University staff within the MCGM are embedded in the Division of Evolution and Genomic Sciences in the School of Biological Sciences. The team of Professor Gareth Evans and Dr Miriam Smith (both cancer studies), Professor Graeme Black (ophthalmic genetics), Professor Bill Newman (rare disease genetics), Dr David Craufurd (psychiatric genetics), Dr Sid Banka (developmental genetics), and Dr Tracy Briggs (NIHR transitional fellow in immunogenetics). In addition, staff who are significantly involvement in teaching and research hold honorary University appointments. There are a diverse range of clinical research projects into the molecular basis of human disease funded by the MRC, Wellcome Trust, European Union and charitable sources.  There are close links with other Centres across the University of Manchester.

 

Greater Manchester Genomic Medicine centre

MCGM has been designated as the Greater Manchester Genomic Medicine centre, committed to recruiting patients with cancer and rare diseases to the NHS England 100,000 genome study. This project is led by Professor William Newman.  The study links with a number of major hospitals across the Greater Manchester geography including the Christie Hospital, UHSM and Salford Royal.

Training in Clinical Genetics

Entry to the specialty is at ST3 level. Completion of Foundation year competencies and of those in core medical training (CMT1 and 2) or level 1 paediatrics is essential. A broad range of experience in acute general medicine and/or paediatrics with exposure to unselected medical take is essential. MRCP, MRCPCH or equivalent are essential. The training programme in clinical genetics is four years (subject to satisfactory ARCPs), of which at least three years must be clinical training during which experience will be gained in all aspects of clinical genetics. The programme incorporates training in laboratory and theoretical genetics, genetic counselling and ethical issues, mathematical genetics and the use of genetic databases.

 

The formal working hours are 9am to 5pm. STs do not undertake on call duties and no banding allowance applies to this post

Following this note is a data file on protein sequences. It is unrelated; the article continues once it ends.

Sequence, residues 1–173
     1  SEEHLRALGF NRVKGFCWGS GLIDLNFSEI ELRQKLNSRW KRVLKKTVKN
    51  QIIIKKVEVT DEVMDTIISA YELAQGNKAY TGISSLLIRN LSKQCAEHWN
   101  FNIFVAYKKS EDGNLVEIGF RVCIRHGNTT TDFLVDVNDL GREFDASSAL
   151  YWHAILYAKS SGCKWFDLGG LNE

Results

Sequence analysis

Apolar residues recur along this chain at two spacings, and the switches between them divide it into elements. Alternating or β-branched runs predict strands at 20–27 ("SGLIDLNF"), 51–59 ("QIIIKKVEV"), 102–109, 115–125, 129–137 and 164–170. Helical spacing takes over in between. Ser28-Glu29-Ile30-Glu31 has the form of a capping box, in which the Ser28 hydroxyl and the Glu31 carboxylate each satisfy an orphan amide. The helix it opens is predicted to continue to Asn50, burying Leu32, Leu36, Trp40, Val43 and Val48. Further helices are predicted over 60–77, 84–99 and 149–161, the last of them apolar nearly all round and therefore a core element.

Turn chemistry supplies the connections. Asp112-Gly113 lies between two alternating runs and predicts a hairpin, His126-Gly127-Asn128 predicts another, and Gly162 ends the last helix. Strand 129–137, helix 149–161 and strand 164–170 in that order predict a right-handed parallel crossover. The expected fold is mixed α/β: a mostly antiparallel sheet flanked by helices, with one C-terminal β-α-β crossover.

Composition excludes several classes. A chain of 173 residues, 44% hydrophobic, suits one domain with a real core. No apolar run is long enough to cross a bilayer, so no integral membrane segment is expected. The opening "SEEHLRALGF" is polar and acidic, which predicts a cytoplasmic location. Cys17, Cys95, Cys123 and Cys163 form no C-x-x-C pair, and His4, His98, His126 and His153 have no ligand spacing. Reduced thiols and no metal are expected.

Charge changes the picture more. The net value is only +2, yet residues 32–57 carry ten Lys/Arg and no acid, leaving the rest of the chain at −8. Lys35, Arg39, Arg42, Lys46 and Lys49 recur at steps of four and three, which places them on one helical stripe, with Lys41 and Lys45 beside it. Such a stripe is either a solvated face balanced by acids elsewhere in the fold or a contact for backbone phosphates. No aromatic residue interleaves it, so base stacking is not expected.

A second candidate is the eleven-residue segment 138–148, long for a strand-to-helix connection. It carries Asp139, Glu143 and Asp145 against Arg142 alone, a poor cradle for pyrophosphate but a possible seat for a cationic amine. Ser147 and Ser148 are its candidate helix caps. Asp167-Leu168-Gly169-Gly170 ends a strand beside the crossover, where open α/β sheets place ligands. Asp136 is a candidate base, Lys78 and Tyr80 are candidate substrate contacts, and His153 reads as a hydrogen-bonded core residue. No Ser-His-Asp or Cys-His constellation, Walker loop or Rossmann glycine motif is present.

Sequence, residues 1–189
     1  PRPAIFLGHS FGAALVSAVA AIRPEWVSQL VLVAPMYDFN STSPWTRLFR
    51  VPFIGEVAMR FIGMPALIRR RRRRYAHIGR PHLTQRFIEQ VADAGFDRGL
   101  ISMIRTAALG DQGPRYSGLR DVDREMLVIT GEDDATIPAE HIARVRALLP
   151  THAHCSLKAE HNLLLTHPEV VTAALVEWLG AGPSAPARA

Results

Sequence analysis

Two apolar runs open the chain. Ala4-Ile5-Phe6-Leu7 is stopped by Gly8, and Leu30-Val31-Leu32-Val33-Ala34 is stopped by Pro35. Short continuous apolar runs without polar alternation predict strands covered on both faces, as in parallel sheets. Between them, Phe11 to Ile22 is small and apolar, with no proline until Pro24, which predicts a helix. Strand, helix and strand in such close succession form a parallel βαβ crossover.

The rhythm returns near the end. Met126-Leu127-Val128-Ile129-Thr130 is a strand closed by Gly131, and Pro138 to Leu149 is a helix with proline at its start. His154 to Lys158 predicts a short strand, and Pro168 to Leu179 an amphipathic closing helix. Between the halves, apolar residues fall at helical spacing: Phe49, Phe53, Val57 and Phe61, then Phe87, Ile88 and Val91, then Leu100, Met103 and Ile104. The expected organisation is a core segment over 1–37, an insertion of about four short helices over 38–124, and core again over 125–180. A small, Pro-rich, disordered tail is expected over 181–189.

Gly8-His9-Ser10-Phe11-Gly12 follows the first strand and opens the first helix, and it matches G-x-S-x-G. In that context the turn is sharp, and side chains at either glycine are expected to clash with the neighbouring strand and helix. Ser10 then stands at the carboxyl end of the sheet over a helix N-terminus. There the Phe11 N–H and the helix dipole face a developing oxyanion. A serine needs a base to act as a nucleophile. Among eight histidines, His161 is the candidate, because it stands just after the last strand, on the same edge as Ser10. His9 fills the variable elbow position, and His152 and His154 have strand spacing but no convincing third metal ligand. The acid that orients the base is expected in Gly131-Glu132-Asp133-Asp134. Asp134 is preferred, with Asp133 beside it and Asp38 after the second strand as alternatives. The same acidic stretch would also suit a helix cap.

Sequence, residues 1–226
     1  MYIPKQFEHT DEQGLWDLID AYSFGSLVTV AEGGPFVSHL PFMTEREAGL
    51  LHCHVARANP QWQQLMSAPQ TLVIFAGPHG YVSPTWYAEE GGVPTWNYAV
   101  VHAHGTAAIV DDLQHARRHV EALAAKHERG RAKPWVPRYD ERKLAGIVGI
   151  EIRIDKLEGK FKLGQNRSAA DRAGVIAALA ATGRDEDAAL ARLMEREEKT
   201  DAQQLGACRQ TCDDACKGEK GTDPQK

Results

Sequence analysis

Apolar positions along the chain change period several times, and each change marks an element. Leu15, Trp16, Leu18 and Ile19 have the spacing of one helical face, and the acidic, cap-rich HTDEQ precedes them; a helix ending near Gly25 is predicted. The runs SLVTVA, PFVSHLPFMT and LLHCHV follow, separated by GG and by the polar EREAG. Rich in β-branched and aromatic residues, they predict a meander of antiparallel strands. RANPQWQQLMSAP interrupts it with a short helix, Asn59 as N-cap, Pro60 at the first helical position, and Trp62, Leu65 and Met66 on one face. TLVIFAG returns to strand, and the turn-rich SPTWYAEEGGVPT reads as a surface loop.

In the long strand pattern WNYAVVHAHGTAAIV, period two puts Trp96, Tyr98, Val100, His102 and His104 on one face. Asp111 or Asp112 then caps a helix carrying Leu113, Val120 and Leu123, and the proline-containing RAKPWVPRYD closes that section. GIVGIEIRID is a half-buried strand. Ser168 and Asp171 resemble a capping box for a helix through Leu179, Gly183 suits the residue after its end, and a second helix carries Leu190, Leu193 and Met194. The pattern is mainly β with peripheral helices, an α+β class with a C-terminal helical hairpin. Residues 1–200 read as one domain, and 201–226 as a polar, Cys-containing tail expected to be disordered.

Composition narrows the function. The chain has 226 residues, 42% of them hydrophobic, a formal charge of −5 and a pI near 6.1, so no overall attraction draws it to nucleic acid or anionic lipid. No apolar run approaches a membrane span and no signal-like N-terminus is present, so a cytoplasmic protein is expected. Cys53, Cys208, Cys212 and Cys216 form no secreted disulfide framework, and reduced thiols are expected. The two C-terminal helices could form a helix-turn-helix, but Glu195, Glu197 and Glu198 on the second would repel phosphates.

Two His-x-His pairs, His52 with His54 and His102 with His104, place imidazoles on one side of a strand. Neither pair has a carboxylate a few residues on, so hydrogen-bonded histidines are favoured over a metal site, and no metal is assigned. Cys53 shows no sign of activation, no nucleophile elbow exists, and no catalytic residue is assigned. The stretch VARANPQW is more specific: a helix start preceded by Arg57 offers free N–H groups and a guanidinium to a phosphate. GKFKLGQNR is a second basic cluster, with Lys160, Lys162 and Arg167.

How the training programme works at MCGM

 

The training posts in clinical genetics consist of a modular programme rotating on a 6-monthly basis through the different sub-specialty clinics. Each module contains elements of general genetics (diagnostic and counselling), ward consults, emergency clinics, fetal examination and prenatal counselling for fetal abnormalities. Trainees take responsibility for cases of increasing complexity as experience is gained. There will also be participation in peripheral genetics clinics held in a number of hospitals throughout the Region.

 

The 6-month sub-specialty training attachments include paediatric genetics, dysmorphology and developmental disorders, cancer genetics, neuromuscular genetics and neuropsychiatric genetics, and cardiac genetics. In addition, experience will be gained through genetic register clinics, metabolic/biochemical clinics, genetic ophthalmology and deafness clinics and prenatal diagnostic/genetic urgency clinic sessions. These attachments are not allocated to specific years within the training programme.

 

It is expected that all trainees will gain experience in each sub-specialty area. There will be flexibility within the programme to take account of individual training needs. For most trainees time taken out of the programme for research will account for one year of the training. The final six months of the training programme will allow further flexibility for the trainee to address any deficient aspects of training and to where appropriate develop areas of special interest.

 

The trainee will be allocated an Educational Supervisor for the duration of their training to oversee their educational and career development needs as well as provide support as a mentor. An appropriate consultant will be their Clinical Supervisor during each module and will be available to discuss cases seen by the trainee both before and after the clinic appointment. Supervising consultants will confirm satisfactory completion of each training module. E-portfolio will be completed by all trainees to ensure that the requirements of the Clinical Genetics SAC curriculum are fulfilled. Appraisal will be undertaken every 6 months by the Educational Supervisor and ARCP assessment annually.